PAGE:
Huard: Why Seahawks’ Kenneth Walker III is exploding down stretch
Just a few weeks ago, there were questions about whether Seahawks running back Kenneth Walker III had hit a rookie wall.
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The second-round NFL Draft pick out of Michigan State was a key part of Seattle’s four-game winning streak in October and early November, rushing for 97 yards or more in all but one of those wins, but he struggled in the following four games. . Walker didn’t break the 50-yard mark in any of those contests, and was mostly held to just 26 yards on 14 carries (1.86 yards per carry) on Nov. 27 against the Raiders.
However, the past two weeks have seen Walker break through that initial wall. On Christmas Eve, Walker had a big second half to finish with 107 yards on 26 carries at Kansas City, and in Sunday’s win over the Jets he rushed for 133 yards on 23 attempts for a 5.78 average.
Walker made a statement right out of the gate against New York, too, with a 60-yard run on the first play from scrimmage.
Kenneth Walker starting the new year in style 😤 @Kenneth_Walker9
📺: #NYJvsSEA on FOX
📱: Stream on NFL+ https://t.co/X0l893cfwp pic.twitter.com/1Asdb1EObN
— NFL (@NFL) January 1, 2023
Walker’s last two appearances stand out because they have come against two of the toughest defenses in the league. How has he broken out at a time when his season is usually already over in college? Former NFL quarterback and current FOX football analyst Brock Huard broke it down Tuesday during Seattle Sports’ Brock and Salk’s Blue 88 segment.
“It hit me,” Huard recalled, “(Seahawks coach Pete Carroll) told us that two or three times — and especially when we played Ken Walker’s audio after the game in Kansas City where Ken Walker said, ‘You know, in the first half I had guys telling me I had to hit the hole.’ And when we played it, Pete said, ‘Yeah, that was me. I was the one who told him go hit the hole. Don’t wait and jump.’”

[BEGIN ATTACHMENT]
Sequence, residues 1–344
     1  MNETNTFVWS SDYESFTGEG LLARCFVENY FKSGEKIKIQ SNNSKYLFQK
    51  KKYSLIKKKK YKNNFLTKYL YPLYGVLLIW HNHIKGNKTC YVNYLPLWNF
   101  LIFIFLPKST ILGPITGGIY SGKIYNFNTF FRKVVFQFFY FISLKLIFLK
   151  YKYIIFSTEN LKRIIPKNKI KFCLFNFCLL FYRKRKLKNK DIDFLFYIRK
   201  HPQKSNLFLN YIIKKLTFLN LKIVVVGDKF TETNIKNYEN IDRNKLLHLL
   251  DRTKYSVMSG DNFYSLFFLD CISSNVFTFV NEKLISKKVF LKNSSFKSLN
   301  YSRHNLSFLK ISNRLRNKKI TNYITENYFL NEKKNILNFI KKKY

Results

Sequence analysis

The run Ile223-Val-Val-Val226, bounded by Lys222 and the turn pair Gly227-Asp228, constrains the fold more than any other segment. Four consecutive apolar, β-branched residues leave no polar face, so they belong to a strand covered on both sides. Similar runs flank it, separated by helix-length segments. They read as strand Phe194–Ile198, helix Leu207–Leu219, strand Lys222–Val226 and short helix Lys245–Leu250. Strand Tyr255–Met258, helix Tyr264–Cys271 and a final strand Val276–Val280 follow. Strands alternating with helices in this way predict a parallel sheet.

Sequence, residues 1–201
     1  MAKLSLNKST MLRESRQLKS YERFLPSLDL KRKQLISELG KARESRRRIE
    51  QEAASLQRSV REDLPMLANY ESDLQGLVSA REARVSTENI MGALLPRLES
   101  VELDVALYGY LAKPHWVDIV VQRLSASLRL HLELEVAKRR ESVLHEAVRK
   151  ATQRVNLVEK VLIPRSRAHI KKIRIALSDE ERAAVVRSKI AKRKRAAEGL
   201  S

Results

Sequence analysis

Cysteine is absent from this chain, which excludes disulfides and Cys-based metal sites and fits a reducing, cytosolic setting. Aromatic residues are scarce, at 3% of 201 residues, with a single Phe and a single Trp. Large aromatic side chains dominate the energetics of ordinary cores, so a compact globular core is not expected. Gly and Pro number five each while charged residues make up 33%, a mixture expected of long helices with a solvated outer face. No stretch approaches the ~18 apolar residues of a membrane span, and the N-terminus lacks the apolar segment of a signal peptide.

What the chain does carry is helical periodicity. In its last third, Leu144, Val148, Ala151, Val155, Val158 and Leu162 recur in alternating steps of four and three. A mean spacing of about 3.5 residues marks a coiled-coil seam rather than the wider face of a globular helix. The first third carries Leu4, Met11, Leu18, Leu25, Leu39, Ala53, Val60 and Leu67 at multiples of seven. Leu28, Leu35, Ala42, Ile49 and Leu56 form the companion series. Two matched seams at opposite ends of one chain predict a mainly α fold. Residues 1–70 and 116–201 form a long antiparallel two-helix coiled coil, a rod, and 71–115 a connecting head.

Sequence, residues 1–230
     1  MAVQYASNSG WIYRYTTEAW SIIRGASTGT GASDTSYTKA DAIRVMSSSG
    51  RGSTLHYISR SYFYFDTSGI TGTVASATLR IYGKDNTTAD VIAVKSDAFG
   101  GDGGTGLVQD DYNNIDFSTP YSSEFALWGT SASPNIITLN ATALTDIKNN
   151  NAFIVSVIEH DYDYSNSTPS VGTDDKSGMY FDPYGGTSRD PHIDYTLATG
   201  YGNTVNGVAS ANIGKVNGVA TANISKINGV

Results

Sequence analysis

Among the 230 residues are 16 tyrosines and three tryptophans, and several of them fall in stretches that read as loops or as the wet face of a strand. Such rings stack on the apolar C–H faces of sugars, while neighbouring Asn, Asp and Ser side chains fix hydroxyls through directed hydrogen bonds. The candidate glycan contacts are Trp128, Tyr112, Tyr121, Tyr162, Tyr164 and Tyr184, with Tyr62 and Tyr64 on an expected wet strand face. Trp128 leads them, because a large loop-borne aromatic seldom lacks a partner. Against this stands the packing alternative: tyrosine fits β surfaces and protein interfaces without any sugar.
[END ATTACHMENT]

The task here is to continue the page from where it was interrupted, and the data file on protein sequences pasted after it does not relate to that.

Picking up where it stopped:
Huard went on to explain why hitting the hole is something backs need to learn to embrace in the NFL.
“This is a different league, man. It’s different from high school, where you can pass everyone to the end. I look at these players, I remember Chuba Hubbard in particular – he played at Oklahoma State, he’s with Carolina now, and Chuba Hubbard played in Canada in high school. I remember reading his bio and it was like, ‘Oh, his senior year, he averaged 17.3 yards per rush.’ What? Because every time he could corner him, he was gone. There was no one who could run with him. You go to college, that changes, right? Now those lanes narrow down a little bit, and it’s not eight lanes, it’s about four.
“… You get to the NFL, man, stay in your lane and hit that 100 mph lane. And then once you get to the line (of scrimmage), and once you gain a yard or two and then you want to roll, and then you want to jump, God bless you, then you go for a run at home. But you can’t take negative games. You can’t go out again and again and again. Go get that single, go around the base and then if you see the light of day and you have to go, then go.”
It seems that Walker has trusted the advice of Carroll and others, and as a result he is finding success.
“If you have to run in the dark to get 4 meters, you run in the dark,” Huard said. “But I think the last game and a half, really since that second half in Kansas City, you’ve seen him hit that hole a lot more violently.”
You can listen to the full conversation between Huard and Mike Salk in the latest podcast segment at this link or in the player below.
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